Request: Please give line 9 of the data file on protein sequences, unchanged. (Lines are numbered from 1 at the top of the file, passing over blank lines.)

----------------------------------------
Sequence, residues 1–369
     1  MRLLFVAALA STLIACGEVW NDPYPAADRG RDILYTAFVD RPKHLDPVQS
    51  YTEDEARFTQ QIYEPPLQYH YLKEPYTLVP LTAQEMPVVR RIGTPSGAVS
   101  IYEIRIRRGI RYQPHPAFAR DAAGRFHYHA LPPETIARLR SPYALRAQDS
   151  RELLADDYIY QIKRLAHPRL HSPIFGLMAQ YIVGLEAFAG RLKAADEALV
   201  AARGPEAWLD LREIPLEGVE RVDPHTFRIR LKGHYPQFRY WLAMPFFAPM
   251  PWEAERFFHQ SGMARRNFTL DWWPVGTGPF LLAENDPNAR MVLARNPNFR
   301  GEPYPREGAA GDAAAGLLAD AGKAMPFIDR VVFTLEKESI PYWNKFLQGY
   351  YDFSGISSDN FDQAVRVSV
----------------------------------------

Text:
   351  YDFSGISSDN FDQAVRVSV